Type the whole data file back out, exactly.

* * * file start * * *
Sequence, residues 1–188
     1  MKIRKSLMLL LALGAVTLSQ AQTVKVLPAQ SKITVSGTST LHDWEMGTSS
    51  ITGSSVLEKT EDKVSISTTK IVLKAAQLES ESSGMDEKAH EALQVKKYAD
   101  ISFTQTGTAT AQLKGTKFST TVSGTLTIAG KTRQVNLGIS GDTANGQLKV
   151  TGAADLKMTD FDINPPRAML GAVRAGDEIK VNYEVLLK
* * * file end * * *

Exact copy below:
Sequence, residues 1–188
     1  MKIRKSLMLL LALGAVTLSQ AQTVKVLPAQ SKITVSGTST LHDWEMGTSS
    51  ITGSSVLEKT EDKVSISTTK IVLKAAQLES ESSGMDEKAH EALQVKKYAD
   101  ISFTQTGTAT AQLKGTKFST TVSGTLTIAG KTRQVNLGIS GDTANGQLKV
   151  TGAADLKMTD FDINPPRAML GAVRAGDEIK VNYEVLLK